Edward Snowden – Ten Years Later: Was it enough or do we need to do more?

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“At least people are thinking about it now” — Edward Snowden when he was asked by a journalist whether it was worth all the hassle.

Remember the Edward Snowden revelations? Sure, it’s been a decade, but the impact of those revelations is undeniable. They changed society’s perception forever. Snowden brought programs like PRISM, Tempora and XKeyscore to light. A decade later we have laws like GDPR in Europe or the USA Feedom Act which are supposed to protect our privacy.

Case solved? Privacy protected? Definitely not, read on to learn what the current threats are and how to defend against them. But let’s start with a trip down memory lane…

The Internet until 2013

Prior to 2013, awareness of data protection was not very strong among many people and companies. Data protection laws already existed, but they were often poorly implemented or not strictly enforced.

One of the main problems was that Internet users often did not know what information they were leaving online and how this data could be used by third parties. Various platforms and services blithely collected data that was used for personalized marketing purposes. Governments and intelligence agencies also had access to this information, usually without the users’ knowledge or consent.

This has led to an increased debate about the right to privacy in the digital age and the need to reform the way personal data is collected and used online.

The turning point

In 2013, former CIA and NSA employee Edward Snowden caused a worldwide sensation. He outed himself as a whistleblower and triggered a wave of revelations with the publication of a series of top-secret documents that revealed massive surveillance programs by the United States and its allies.

With these leaks, Snowden sparked a global debate about the balance between security and privacy in the digital world. This discussion led to a series of reforms and increased awareness of privacy issues. Nevertheless, Snowden has since lived in exile after being charged with espionage in his native United States.

2013 to present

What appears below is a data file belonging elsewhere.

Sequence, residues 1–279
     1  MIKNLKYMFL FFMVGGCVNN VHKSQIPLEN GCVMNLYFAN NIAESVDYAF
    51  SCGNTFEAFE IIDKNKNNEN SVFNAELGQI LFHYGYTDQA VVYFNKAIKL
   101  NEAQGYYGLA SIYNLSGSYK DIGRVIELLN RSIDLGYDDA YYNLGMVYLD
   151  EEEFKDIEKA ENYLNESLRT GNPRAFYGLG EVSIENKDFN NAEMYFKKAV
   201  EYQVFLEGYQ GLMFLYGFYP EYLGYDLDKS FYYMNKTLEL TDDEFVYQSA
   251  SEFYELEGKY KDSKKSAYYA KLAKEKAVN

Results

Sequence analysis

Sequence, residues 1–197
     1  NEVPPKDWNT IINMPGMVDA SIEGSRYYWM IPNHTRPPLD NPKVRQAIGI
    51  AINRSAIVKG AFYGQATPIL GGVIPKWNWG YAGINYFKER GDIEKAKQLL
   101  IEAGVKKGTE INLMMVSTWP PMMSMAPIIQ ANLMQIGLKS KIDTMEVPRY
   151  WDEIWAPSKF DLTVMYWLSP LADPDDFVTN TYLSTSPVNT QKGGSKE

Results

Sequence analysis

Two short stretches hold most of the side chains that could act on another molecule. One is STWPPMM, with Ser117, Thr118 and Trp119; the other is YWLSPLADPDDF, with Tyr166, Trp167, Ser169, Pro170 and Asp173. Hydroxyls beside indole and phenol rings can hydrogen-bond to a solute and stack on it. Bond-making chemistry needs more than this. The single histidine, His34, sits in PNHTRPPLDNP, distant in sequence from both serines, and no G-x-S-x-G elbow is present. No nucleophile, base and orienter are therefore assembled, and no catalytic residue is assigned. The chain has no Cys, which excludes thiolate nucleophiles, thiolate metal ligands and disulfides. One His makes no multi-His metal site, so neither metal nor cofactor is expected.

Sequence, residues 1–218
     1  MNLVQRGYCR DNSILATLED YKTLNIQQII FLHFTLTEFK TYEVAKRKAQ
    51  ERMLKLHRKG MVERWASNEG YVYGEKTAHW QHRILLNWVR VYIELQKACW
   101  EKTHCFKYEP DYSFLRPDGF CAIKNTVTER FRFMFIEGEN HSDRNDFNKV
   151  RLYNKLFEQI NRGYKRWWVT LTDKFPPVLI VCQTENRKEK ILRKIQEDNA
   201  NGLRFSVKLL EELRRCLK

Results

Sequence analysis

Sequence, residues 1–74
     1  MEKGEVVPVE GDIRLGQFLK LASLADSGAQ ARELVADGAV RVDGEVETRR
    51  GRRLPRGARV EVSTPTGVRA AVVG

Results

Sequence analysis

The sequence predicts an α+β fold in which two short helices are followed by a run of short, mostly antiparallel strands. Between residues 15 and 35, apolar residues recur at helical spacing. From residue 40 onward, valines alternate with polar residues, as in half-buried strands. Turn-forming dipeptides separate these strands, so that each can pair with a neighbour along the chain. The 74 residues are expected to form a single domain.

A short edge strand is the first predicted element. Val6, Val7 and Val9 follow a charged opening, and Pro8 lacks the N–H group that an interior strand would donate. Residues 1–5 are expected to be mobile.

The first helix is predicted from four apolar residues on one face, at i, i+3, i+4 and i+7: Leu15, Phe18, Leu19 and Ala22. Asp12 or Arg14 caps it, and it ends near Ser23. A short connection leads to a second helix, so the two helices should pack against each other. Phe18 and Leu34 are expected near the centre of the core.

Because of these revelations and the fact that people around the world now knew what many governments and institutions were doing with their data, many things changed. Some of these changes can be directly attributed to Snowden’s revelations:

  • Privacy awareness: the revelations have led to a greater awareness of privacy and data protection. Users are now more aware than ever that their online activities can be monitored and their data collected. This has led to increased demand for secure and privacy-friendly services and products.

  • Legislation: Measures have been taken at the regulatory level to better protect the privacy of citizens. In Europe, for example, this led to the introduction of the General Data Protection Regulation (GDPR), which sets stricter rules for the processing of personal data by companies. In the U.S., the USA Freedom Act was passed, restricting some of the surveillance practices uncovered by Snowden.

  • Encryption: the use of encryption technologies has increased significantly. Both companies and individuals have recognized that encryption is an important means of protecting privacy. Today, many messaging services are end-to-end encrypted by default, and websites increasingly use HTTPS instead of HTTP.

  • Privacy-friendly services: In response to user demand, many companies have introduced more privacy-friendly services. This includes both new companies that have made privacy their main selling point and established companies that have improved their privacy practices.